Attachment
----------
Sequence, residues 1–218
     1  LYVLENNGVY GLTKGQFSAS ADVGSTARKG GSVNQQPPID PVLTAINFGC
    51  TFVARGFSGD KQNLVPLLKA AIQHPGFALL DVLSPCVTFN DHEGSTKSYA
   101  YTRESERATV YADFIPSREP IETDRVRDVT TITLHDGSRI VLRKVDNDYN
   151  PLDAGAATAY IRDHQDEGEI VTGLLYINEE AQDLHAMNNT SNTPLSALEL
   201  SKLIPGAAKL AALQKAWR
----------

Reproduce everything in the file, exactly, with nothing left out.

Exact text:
Sequence, residues 1–218
     1  LYVLENNGVY GLTKGQFSAS ADVGSTARKG GSVNQQPPID PVLTAINFGC
    51  TFVARGFSGD KQNLVPLLKA AIQHPGFALL DVLSPCVTFN DHEGSTKSYA
   101  YTRESERATV YADFIPSREP IETDRVRDVT TITLHDGSRI VLRKVDNDYN
   151  PLDAGAATAY IRDHQDEGEI VTGLLYINEE AQDLHAMNNT SNTPLSALEL
   201  SKLIPGAAKL AALQKAWR